The Experiment Digital retains The Experiment’s longstanding model of experiential learning and emphasis on forming meaningful relationships and moves it into the virtual space. Using popular digital platforms for teens like Canvas, padlet, flipgrip, and Zoom, our virtual program model gives young people the opportunity to build international friendships online. Peer-to-peer engagement, combined with carefully designed activities, allow students to learn from one another, and together develop knowledge and attitudes that foster cultural understanding.
Virtual exchanges diversify the learning experience through accessible digital means, enabling an increasing number of young people to enjoy a meaningful intercultural experience as part of their education.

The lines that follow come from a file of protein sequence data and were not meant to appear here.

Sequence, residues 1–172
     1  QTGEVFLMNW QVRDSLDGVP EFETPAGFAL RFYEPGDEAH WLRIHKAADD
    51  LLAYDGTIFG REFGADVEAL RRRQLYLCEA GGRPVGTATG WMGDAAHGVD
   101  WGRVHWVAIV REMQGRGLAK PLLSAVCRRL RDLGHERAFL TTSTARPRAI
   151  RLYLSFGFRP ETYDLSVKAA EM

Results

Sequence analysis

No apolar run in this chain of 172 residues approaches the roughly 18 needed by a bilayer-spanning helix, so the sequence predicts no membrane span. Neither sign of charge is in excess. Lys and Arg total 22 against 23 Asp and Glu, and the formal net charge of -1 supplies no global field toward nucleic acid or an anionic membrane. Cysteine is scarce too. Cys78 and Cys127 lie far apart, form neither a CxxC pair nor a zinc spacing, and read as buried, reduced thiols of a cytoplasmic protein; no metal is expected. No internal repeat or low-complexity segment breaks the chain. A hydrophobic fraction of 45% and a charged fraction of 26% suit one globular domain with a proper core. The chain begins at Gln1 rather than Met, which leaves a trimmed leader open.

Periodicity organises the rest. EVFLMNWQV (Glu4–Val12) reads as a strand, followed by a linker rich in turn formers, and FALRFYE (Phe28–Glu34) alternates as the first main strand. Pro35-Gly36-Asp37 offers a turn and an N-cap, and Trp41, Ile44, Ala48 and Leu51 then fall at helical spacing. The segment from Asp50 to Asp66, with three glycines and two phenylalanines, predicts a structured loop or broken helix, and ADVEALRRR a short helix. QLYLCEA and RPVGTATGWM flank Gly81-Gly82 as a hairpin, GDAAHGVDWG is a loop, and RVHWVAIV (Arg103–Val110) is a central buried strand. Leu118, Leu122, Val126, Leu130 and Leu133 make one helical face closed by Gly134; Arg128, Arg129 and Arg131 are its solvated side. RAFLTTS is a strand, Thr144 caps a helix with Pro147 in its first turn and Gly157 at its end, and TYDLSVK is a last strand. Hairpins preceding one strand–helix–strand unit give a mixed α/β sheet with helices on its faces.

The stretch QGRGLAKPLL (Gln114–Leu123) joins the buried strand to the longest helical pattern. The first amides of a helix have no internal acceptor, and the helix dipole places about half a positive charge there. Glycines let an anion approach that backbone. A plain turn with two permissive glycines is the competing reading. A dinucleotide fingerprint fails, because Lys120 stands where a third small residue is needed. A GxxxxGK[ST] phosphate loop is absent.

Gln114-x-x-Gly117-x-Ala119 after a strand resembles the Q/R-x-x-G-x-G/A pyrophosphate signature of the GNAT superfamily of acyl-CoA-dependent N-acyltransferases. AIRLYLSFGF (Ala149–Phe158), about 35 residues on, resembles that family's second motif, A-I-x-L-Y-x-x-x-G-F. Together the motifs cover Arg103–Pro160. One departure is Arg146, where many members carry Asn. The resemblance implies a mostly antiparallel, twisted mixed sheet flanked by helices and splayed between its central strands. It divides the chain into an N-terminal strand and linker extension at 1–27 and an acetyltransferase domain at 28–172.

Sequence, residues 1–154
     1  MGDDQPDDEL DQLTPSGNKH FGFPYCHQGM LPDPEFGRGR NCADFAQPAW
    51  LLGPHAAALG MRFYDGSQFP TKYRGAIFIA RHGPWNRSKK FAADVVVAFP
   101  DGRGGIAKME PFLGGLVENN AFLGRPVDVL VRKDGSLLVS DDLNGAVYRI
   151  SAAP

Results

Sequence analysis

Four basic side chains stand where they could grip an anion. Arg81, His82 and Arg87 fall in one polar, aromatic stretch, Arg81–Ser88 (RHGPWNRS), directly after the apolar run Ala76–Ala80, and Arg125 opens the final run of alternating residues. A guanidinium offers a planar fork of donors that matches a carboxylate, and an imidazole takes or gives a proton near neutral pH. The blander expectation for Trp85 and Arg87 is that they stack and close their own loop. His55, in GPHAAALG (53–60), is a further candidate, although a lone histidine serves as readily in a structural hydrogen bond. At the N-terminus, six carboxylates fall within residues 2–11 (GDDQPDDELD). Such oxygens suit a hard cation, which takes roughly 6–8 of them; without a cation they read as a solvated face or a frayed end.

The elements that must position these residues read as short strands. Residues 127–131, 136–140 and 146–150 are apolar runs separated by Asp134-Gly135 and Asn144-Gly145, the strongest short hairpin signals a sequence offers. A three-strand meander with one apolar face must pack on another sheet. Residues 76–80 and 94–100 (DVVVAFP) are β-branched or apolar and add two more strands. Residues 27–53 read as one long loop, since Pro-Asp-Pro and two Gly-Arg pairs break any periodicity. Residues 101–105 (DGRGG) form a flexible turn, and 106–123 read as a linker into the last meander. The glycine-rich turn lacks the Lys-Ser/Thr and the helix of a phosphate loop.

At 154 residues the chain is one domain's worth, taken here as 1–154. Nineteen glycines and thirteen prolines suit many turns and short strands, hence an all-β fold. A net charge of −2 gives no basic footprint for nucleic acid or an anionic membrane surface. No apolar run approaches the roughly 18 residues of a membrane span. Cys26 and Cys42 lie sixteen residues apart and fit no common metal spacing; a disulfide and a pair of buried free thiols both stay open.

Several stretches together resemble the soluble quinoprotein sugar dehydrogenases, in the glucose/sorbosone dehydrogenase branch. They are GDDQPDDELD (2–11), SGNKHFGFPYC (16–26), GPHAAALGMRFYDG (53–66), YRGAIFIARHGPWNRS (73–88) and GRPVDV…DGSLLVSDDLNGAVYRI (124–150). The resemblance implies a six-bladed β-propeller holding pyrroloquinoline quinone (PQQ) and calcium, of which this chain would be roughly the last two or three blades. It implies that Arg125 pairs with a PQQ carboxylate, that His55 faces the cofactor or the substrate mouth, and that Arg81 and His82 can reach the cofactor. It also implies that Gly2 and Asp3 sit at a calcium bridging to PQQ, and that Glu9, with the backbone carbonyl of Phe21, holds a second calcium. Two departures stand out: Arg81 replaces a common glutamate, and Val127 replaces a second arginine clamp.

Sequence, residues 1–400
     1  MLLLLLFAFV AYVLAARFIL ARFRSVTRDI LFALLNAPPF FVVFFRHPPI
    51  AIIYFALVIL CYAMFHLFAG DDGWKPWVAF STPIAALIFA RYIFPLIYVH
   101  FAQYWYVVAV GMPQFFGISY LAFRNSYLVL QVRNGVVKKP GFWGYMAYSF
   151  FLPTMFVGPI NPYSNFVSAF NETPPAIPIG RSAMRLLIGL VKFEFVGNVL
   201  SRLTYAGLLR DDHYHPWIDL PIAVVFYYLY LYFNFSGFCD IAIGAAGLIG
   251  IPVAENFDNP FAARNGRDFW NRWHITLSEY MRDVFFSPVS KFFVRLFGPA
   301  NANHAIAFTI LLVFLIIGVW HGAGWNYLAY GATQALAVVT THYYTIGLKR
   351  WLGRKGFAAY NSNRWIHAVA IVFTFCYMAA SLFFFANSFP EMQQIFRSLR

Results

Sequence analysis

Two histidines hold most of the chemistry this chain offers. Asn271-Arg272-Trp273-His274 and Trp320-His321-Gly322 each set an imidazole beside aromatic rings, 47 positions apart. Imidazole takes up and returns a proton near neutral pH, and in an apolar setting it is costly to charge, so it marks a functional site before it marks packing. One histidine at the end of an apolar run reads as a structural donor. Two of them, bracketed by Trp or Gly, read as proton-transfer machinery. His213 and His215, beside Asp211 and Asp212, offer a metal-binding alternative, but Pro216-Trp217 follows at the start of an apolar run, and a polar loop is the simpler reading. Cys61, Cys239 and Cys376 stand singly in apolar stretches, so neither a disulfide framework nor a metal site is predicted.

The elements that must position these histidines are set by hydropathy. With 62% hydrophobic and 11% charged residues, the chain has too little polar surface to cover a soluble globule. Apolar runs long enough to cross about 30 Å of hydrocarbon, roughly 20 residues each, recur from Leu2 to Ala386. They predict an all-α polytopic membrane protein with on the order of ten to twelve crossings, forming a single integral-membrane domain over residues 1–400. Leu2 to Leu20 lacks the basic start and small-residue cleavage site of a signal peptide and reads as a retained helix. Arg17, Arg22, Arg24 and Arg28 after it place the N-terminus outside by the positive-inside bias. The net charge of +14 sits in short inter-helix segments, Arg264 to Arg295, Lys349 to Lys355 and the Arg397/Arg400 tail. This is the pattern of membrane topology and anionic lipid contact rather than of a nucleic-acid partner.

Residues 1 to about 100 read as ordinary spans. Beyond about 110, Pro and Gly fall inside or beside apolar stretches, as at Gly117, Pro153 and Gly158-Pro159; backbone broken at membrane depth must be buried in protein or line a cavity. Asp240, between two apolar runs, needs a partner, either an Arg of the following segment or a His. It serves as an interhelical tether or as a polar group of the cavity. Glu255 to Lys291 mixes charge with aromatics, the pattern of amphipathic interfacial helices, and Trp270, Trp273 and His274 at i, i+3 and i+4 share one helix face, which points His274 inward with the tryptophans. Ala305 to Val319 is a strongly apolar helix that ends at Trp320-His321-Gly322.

Experiential Learning Online
- Learning with The Experiment Digital is challenging and fun. Participants learn how to facilitate digital discussions, lead online dialogues via video chat, and formulate and implement service projects in their local communities. Activities center around bringing students together to navigate scenarios that test their abilities and reflect on lessons learned through collaborative dialogue. Students practice collaborative problem solving, intercultural communication, and digital etiquette—all of which are important in our increasingly globalized world.
Safe and Intimate Small Group Spaces
- The participant to expert facilitator ratio is 5:1. This allows for small group conversations with authentic engagement. Students share their hopes, fears, and discuss gender norms and stereotypes.
Program for Youth Led by Youth